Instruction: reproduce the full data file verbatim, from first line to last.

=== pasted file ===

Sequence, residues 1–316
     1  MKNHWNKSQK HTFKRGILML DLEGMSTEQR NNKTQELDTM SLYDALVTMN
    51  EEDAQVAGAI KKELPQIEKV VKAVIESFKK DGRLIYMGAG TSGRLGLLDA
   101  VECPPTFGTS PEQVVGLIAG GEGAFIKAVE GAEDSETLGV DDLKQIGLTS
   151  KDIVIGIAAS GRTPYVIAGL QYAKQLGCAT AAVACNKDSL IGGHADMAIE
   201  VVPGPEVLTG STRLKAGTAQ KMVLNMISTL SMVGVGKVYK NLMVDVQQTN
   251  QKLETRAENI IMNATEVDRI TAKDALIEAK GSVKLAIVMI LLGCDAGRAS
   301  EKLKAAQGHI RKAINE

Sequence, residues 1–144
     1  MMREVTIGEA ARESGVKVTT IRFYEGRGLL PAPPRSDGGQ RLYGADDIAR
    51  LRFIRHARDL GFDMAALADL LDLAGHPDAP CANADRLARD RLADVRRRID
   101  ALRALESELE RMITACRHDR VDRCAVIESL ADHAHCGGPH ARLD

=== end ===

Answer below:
Sequence, residues 1–316
     1  MKNHWNKSQK HTFKRGILML DLEGMSTEQR NNKTQELDTM SLYDALVTMN
    51  EEDAQVAGAI KKELPQIEKV VKAVIESFKK DGRLIYMGAG TSGRLGLLDA
   101  VECPPTFGTS PEQVVGLIAG GEGAFIKAVE GAEDSETLGV DDLKQIGLTS
   151  KDIVIGIAAS GRTPYVIAGL QYAKQLGCAT AAVACNKDSL IGGHADMAIE
   201  VVPGPEVLTG STRLKAGTAQ KMVLNMISTL SMVGVGKVYK NLMVDVQQTN
   251  QKLETRAENI IMNATEVDRI TAKDALIEAK GSVKLAIVMI LLGCDAGRAS
   301  EKLKAAQGHI RKAINE

Sequence, residues 1–144
     1  MMREVTIGEA ARESGVKVTT IRFYEGRGLL PAPPRSDGGQ RLYGADDIAR
    51  LRFIRHARDL GFDMAALADL LDLAGHPDAP CANADRLARD RLADVRRRID
   101  ALRALESELE RMITACRHDR VDRCAVIESL ADHAHCGGPH ARLD